Still, DeRouchie may slightly overstate his case when he claims the whole Old Testament is about Christ. Jesus says in Luke 24:44, for example, that there are many things written about him in the Law, Prophets, and Psalms that must be fulfilled. But he doesn’t say everything written in the Law, Prophets, and Psalms is about him. Similarly, Jesus’s post-resurrection hermeneutic interprets in all the Old Testament “the things concerning himself” (v. 27), but he never says every Old Testament text concerns himself.

Nearly every New Testament text about Christ in the Old Testament has some qualification about its scope (cf. John 5:39, 46; Acts 26:22–23). Yes, the Old Testament anticipates and culminates in Christ (Matt. 5:17–18). Yes, all the promises of God in Christ are yes and amen (2 Cor. 1:20). Yes, the types and shadows of the Old Testament find their substance in Christ (Col. 2:16–17). But does this mean the whole Old Testament is about Christ?

We need to be careful not to overstate our case, because readers might take the application too far. However, this is an intramural debate, where friendly discussion about degrees of continuity are healthy. Considering adjacent perspectives helps sharpen our own thinking and identify common ground. DeRouchie is right to delight that Christ stands as the goal and end of all the Old Testament’s hopes, pictures, and patterns.

Law vs. Gospel

If the Old Testament is Christian Scripture, how do we apply the law? Debate about the relationship between the law and the gospel is perennial. This question has special significance in light of the renewed emphasis on theonomy among proponents of Christian nationalism.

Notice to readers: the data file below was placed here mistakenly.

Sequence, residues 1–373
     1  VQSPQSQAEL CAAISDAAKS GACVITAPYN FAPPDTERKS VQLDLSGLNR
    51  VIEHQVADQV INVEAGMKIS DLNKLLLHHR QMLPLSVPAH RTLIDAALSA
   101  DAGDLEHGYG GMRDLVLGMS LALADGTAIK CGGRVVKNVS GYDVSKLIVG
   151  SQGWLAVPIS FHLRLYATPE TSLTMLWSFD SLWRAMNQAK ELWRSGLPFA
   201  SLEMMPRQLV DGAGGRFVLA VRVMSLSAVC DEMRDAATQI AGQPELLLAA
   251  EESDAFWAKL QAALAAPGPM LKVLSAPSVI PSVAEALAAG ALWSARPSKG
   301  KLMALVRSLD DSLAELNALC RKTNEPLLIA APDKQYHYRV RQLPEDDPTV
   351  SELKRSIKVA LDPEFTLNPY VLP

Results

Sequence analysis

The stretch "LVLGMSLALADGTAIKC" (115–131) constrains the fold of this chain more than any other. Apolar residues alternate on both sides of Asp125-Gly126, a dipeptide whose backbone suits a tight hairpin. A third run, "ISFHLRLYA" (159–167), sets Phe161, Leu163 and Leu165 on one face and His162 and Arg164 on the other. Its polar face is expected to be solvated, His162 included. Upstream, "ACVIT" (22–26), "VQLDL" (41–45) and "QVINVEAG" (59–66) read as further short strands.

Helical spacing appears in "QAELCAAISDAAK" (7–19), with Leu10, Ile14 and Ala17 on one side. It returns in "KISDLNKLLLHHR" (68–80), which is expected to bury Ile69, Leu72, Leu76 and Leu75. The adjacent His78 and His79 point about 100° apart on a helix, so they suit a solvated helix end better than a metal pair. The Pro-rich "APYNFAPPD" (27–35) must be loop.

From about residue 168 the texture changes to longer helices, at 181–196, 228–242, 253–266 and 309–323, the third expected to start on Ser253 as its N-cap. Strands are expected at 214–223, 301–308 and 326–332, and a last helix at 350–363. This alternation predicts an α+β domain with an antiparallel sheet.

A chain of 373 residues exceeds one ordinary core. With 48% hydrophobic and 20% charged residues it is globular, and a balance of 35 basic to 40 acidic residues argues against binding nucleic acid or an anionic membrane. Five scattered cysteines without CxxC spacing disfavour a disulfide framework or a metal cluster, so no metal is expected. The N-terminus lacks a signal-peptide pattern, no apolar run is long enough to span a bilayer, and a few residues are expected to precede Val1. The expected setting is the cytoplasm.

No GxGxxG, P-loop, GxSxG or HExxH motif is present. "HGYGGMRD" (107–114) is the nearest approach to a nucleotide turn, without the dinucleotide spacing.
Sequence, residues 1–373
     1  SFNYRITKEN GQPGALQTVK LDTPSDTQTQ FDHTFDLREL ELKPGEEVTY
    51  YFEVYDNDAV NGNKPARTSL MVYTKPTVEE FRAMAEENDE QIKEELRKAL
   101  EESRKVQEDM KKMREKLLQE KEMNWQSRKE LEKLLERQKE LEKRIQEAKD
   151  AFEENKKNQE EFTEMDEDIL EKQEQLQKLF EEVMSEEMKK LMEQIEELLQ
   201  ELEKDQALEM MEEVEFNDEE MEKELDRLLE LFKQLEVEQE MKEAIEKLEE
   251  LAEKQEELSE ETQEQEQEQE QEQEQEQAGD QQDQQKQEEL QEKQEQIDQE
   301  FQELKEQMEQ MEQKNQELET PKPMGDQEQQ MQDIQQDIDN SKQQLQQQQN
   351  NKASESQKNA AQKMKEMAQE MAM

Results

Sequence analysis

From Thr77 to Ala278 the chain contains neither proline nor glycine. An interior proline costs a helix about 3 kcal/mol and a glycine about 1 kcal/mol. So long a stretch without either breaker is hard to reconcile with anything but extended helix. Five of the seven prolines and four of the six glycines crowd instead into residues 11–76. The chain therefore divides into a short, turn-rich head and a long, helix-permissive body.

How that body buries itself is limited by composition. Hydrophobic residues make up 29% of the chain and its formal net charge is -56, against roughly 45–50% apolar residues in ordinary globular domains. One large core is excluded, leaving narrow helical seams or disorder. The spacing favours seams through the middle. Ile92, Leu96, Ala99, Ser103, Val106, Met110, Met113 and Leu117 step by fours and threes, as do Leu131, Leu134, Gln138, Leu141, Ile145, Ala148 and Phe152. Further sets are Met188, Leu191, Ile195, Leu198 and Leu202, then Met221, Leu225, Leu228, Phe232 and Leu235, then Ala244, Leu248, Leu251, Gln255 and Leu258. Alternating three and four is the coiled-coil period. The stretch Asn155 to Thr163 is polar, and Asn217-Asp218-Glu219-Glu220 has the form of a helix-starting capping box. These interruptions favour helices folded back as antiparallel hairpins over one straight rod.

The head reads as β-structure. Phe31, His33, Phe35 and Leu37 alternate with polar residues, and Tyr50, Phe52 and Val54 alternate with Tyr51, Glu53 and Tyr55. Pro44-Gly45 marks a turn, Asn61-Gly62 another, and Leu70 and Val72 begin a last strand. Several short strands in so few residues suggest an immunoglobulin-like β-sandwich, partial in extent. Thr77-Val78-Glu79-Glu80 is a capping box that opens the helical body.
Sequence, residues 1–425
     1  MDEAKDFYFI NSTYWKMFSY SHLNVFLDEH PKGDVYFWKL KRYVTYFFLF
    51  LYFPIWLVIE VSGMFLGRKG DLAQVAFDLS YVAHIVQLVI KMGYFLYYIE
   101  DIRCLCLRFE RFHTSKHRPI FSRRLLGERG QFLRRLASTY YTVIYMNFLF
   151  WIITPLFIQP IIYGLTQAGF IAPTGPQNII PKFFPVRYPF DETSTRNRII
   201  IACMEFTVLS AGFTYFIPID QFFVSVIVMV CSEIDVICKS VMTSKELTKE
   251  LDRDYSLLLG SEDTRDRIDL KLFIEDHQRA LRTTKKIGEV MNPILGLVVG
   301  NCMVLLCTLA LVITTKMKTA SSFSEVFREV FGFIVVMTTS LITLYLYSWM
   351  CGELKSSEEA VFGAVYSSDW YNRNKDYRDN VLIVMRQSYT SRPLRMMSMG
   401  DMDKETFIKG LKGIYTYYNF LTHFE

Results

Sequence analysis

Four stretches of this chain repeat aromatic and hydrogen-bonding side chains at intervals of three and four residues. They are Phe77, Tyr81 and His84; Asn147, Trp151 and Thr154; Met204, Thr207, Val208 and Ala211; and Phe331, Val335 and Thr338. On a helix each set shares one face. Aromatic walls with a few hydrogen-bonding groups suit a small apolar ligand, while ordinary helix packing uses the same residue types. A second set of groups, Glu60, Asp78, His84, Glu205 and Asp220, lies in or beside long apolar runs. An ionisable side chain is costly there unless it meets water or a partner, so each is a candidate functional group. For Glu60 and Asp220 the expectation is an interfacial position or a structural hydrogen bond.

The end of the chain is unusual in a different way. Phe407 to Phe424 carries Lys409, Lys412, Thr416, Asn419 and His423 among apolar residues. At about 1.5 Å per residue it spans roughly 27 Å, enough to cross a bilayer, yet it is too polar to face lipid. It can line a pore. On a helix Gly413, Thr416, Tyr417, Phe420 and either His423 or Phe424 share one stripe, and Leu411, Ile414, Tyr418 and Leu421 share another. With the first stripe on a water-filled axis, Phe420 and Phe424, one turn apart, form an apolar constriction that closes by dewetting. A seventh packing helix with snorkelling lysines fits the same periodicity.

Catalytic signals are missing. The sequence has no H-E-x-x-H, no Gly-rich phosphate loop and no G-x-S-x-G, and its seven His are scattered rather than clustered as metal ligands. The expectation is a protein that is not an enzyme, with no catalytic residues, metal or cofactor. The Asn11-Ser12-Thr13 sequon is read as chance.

In general, theonomists assert that God defines justice most clearly in the Mosaic law, which should be the central guiding principle for both church and society. DeRouchie is quick to agree that God’s definition of justice informs all spheres of life, but he critiques theonomy—and by extension Christian nationalism—because it places too much importance on the threefold division of the law (moral, civil, ceremonial). Theonomy also assumes too much continuity between the old and new covenants, while it “fails to distinguish laws and justice that Christ would approve (appropriate for nation-states) from a politic under Christ’s leadership (something only realized in the church)” (221).

DeRouchie is right to delight that Christ stands as the goal and end of all the Old Testament’s hopes, pictures, and patterns.

DeRouchie navigates this issue by arguing that the Mosaic law doesn’t directly bind Christians in a legal manner. However, “we treat all the Old Testament laws as profitable and instructive when we read them through the lens of Christ” (193). The law remains both pedagogical and revelatory, which DeRouchie explains in detail in several chapters.

Delighting in the Old Testament is a first-rate guide to reading and understanding Scripture’s full testimony and its fulfillment in Jesus. DeRouchie lays a foundation for Old Testament hermeneutics like a skilled master builder. He reminds us of the gift God has given us in all of Scripture. Pastors, students, and church leaders will benefit greatly from this book as they continue to read the whole Bible with believing eyes.